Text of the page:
Suzanne Helfant is beginning her twelfth season as Kenyon's head women's basketball coach, but she remembers clearly the first day she walked into her office, to find a banner signed by every member of her team. "It's the Kenyon way," Helfant says. "People are so welcoming and supportive. I feel an obligation to pay it forward."
She's repaying the Kenyon community by quietly building a winning program, one that emphasizes individual attention and personal connection as much as jump shots. And she draws her inspiration from an unlikely source: geese. Art on her office walls includes a work by a current player depicting a flock of geese flying in a night sky, silhouetted against a full moon. The motif repeats in a quilt made by members of the 1999-2000 team, which won the North Coast Athletic Conference championship and a National Collegiate Athletic Association tournament berth.
What do geese and basketball players have in common? Plenty, Helfant believes. "It's the ultimate analogy to teamwork," she says. Her playbook includes a page titled "Lessons from Geese," a reminder of how geese flying in formation strengthen, support, and protect one another-just as her players learn to trust and draw strength from the rest of the team.
"After everything we do, we say, 'Together,'" Helfant says. "The only way we're going to get where we're going is if we go together." She's always subscribed to the "no-star" system, making sure that everyone feels valued. "Make the right environment, and they'll flourish."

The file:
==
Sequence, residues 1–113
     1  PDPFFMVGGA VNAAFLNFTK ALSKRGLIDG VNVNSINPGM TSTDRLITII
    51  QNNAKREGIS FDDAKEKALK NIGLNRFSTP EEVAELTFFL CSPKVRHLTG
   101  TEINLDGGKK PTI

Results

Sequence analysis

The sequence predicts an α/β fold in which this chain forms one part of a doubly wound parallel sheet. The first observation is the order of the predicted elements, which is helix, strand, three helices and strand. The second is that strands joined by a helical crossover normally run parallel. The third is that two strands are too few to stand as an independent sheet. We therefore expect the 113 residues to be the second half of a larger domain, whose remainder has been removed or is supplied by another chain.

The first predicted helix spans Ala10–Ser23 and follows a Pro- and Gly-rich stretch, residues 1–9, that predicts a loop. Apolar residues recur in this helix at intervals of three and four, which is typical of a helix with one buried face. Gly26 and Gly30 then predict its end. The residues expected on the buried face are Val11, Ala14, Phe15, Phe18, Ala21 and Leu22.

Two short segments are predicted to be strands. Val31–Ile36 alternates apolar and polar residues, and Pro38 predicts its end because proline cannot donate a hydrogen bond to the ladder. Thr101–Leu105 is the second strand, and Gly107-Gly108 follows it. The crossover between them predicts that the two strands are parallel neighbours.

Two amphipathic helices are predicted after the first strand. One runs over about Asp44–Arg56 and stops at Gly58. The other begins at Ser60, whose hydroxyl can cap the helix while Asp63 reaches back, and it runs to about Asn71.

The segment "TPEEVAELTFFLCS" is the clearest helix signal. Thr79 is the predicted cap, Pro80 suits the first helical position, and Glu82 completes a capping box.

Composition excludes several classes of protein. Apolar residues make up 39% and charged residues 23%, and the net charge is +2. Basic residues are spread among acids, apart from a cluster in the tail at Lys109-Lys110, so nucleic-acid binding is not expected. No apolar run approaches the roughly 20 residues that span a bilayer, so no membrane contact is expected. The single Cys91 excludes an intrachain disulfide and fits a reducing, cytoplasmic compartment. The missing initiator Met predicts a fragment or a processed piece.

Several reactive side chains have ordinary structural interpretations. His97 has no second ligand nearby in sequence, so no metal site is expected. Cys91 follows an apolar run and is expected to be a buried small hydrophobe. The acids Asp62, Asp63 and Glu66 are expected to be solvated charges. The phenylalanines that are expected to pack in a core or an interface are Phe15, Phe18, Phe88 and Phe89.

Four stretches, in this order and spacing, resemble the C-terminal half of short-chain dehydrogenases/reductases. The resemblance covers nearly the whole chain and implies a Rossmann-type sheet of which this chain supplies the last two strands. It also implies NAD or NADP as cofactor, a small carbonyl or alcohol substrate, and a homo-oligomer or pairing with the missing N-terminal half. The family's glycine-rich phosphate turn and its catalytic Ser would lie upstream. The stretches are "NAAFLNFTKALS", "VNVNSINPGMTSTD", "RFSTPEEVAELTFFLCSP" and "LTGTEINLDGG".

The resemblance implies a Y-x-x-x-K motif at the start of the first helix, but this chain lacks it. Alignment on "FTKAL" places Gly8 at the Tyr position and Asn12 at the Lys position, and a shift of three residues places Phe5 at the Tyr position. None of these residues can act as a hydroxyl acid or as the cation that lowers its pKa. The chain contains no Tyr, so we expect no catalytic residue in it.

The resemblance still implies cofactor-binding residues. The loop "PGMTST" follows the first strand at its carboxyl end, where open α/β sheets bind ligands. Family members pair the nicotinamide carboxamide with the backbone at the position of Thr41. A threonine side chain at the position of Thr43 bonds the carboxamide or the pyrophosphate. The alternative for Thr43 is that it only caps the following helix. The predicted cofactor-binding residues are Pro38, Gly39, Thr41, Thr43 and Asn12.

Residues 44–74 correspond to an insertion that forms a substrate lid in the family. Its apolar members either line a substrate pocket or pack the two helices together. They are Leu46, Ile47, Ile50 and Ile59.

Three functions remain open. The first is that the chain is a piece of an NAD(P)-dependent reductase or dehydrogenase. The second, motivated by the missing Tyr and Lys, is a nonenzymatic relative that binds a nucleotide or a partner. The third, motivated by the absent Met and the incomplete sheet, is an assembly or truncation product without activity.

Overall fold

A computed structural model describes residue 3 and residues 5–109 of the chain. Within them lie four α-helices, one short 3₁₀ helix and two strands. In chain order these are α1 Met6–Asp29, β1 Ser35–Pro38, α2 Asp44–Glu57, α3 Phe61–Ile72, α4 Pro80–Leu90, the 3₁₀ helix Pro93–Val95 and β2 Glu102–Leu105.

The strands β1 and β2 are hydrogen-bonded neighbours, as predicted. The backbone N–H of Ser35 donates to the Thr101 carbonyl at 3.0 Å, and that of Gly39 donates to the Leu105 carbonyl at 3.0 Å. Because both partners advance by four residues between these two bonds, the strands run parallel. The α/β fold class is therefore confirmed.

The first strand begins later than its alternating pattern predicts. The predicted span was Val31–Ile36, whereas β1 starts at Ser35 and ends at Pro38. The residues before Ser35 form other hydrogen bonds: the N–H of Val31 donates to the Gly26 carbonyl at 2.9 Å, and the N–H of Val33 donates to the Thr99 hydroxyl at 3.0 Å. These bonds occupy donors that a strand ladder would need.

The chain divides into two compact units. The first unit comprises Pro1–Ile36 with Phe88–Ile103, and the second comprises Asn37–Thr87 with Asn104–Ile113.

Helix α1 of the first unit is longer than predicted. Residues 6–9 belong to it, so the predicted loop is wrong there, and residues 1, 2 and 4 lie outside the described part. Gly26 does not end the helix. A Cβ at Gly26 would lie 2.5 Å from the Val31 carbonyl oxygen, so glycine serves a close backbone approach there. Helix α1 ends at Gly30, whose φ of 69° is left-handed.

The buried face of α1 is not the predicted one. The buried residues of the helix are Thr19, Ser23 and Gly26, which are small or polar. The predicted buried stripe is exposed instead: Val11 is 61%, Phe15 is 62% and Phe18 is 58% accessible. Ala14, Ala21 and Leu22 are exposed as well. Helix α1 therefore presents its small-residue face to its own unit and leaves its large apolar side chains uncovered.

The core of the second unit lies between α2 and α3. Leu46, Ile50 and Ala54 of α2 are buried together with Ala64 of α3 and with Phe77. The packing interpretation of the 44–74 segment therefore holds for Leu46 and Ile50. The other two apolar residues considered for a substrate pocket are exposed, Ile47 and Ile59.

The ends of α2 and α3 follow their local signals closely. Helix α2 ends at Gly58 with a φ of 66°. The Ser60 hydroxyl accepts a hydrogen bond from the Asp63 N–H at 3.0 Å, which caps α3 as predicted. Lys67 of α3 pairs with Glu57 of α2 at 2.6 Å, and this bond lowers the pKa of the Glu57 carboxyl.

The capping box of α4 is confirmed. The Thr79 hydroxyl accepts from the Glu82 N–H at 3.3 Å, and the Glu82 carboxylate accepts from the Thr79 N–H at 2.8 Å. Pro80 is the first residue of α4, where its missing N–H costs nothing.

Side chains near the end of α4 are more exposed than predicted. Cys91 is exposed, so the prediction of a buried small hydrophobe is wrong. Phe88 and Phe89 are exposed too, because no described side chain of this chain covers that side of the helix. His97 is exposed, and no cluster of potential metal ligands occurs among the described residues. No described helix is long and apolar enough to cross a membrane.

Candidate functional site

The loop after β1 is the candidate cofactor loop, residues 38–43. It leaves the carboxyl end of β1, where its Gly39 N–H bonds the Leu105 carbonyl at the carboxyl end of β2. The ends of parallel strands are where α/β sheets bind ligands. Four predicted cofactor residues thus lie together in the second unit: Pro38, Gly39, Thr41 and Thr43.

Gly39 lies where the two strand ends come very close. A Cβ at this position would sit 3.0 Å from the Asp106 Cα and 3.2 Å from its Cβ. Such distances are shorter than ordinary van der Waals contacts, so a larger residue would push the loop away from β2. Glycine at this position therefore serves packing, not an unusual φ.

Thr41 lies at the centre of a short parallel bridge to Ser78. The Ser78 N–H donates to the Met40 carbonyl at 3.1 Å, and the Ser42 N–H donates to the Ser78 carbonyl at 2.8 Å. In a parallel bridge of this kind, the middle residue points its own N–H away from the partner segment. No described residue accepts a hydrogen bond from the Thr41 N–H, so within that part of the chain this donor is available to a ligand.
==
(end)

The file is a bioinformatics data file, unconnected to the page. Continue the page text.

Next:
Helfant herself flourished as a child in the Columbus, Ohio, area in a family of six, and athletics were always a part of her life. "My father was a lifelong coach, who coached just about everything-baseball, basketball, football," Helfant says. "He was my toughest critic and my biggest supporter." With one brother a year older and another a year younger, Helfant grew up constantly competing.
An award-winning basketball and softball player at Allegheny College in Meadville, Pennsylvania, Helfant majored in communication arts. She had completed three-quarters of the requirements for a master's degree in counseling and human resources before she realized that she really wanted to coach. "The attraction of coaching is the influence you can have on people," Helfant explains.
It's those interpersonal skills that make her so good at what she does. "Individual attention is critical to being successful collectively," she says. "Chemistry is created through constant attention. You have to work at it daily." Helfant spends plenty of time with her players one-on-one, getting to know them and learning what will motivate each one to excel. She can tell when one needs extra encouragement, when another just needs to talk.
"Suzanne invests in getting to know her players," says Peter Smith, Kenyon's athletics director. "She's able to take her team into the most hostile of arenas. She inspires these women to believe in themselves with her locker-room speeches. They walk out with a mission, a sense of purpose."
"I'm a really competitive person," admits Helfant, who came to Kenyon after a three-year stint as head coach at Marietta College in Marietta, Ohio. "Losing still eats me up. There's not a game we've walked into that I thought we couldn't win."
Smith also values Helfant, who's the senior women's administrator in athletics, as a colleague. "Suzanne has embraced this college to the fullest," Smith says. "She's developed a large fan base of college and community members who really admire the way she works with her players and the intensity the players bring to the game. She really loves Kenyon, and believes in the student/athlete experience. Her players are winners on the court and winners in the classroom."
"I hope my players don't see me just as a coach," Helfant says. "I hope they see me as a teacher, as a mentor-as a friend. I take very seriously my responsibility to see that the people who are touched by this program are touched in a positive way."